Researchers of Gesellschaft für Anlagen- und Reaktorsicherheit (GRS) have therefore set themselves the goal of investigating the radioactive inventory of activated concrete using one of the most accurate methods currently available for determining the smallest amounts of material. Within the framework of a project funded by the Federal Ministry fort the Environment, Nature Conservation and Nuclear Safety, the experts together with scientists of the Department of Chemistry and the Institute for Nuclear Physics of the University of Cologne are using the so-called accelerator mass spectrometry (AMS). The substance of a sample is first converted into an ion beam. The ions with the same mass as the required radionuclide are then separated from this beam in a first mass spectrometer. However, the ions remaining can be single atoms or ionized molecules with the same mass. This is where the accelerator comes into play: it ensures that all molecular compounds are destroyed so that only one beam of individual ionized atoms remains. This beam is then filtered again in a second mass spectrometer using the mass, so that at the end only the wanted nuclides are counted in a detector.

This method allows extremely precise measurements to be made. This means that the AMS could be used to detect a single radionuclide in an amount of up to 10 quadrillion other non-radioactive nuclides. The idea of using this measurement method for the investigation of waste arising from the decommissioning of nuclear power plants was inspired by the history of the "Ötzi ice mummy": "An accelerator mass spectrometer was used to measure the amount of carbon-14 in Ötzi's remains. In the past, methods such as liquid scintillation, which was also used in nuclear technology, were used for such measurements. In the meantime, AMS has become the method of choice for age determination or trace analysis in climate research - the procedure is simply much more precise and less complex than the others. That's why it made sense for us to apply this method to our investigations as well," explains physicist Matthias Dewald, who manages the project at GRS.

Concrete samples such as this were first irradiated in the Mainz research reactor TRIGA and then examined in the accelerator mass spectrometer. (Source: GRS) Research reactor as time lapse

In one of the two AMS plants at the University of Cologne, the researchers are currently evaluating concrete samples that had previously been irradiated in the TRIGA research reactor in Mainz. "There, we can achieve an activation of the samples within seconds to a few minutes as it is only achieved in a nuclear power plant after many years of operation. The TRIGA is something of a time-lapse for us,” says Dewald. To generate different concentrations of the wanted radionuclides in the samples, the duration of irradiation was varied. As a concrete target, the scientists set themselves a concentration of the radionuclide calcium-41 ranging between one to 10 billion and one to one trillion. This corresponds approximately to the concentration found in the biological shield after the decommissioning of a nuclear power plant.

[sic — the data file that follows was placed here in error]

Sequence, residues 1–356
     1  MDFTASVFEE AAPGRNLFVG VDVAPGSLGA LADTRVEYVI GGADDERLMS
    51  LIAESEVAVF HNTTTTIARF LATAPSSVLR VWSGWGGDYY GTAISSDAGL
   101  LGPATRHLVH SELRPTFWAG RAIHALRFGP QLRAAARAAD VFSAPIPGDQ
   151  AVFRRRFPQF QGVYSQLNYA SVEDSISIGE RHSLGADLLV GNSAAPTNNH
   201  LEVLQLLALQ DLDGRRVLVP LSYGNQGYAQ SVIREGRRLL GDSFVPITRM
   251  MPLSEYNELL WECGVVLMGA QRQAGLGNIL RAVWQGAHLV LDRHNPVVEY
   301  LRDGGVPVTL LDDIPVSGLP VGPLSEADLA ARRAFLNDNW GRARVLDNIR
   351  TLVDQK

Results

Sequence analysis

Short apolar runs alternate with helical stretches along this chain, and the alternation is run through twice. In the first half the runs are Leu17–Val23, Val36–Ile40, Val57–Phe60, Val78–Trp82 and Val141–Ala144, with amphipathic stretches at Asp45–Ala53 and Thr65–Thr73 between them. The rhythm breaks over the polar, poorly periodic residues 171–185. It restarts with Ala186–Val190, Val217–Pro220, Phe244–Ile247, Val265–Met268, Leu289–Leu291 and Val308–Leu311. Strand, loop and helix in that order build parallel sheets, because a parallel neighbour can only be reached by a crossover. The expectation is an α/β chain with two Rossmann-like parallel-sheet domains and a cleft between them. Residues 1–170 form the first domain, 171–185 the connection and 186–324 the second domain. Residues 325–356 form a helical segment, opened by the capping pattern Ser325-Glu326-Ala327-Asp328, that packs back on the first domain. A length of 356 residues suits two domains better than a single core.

In addition to the AMS measurements, some of the samples are also evaluated using gamma spectroscopy. This method takes advantage of the fact that every radionuclide is emitting gamma rays in a very specific energy range. In this project, scientists can use this "energetic fingerprint" to determine which gamma emitters are present in the samples and in which proportions. In combination with the results of the AMS measurements, it will be possible, for example, to expand the knowledge base for the development of nuclide vectors. It is thus possible, for example, to clarify whether other, very long-lived radionuclides such as calcium-41 can also be considered as reference nuclides.

First new findings

According to Matthias Dewald, the first results of the analysis confirm the approach of relying on the new procedure for nuclear technology: "We have already been able to determine first differences between the radionuclide compositions and nuclide vectors measured by us, which are known to us from the literature. How significant these differences are, however, is not yet possible to determine - work still lies ahead for us." However, Dewald has no doubts that the nuclide vectors used so far are covering and conservative: "Our project contributes to improving the methodological basis and to extending the validation of nuclide vectors". In the next phase of the project, samples from the biological shields of two decommissioned reactors will be examined to further confirm the results of the previous investigations. The project is to be completed by the end of 2019. A detailed report is to be published at the beginning of 2020.

In the longer term, Dewald and his colleagues are aiming for a material change: After the concrete, activated graphite used in reactors is to be investigated using AMS. This is not only used in reactors of the Chernobyl construction line RBMK, but also in Germany in the high-temperature reactor THTR-300 in Hamm and in several research reactors.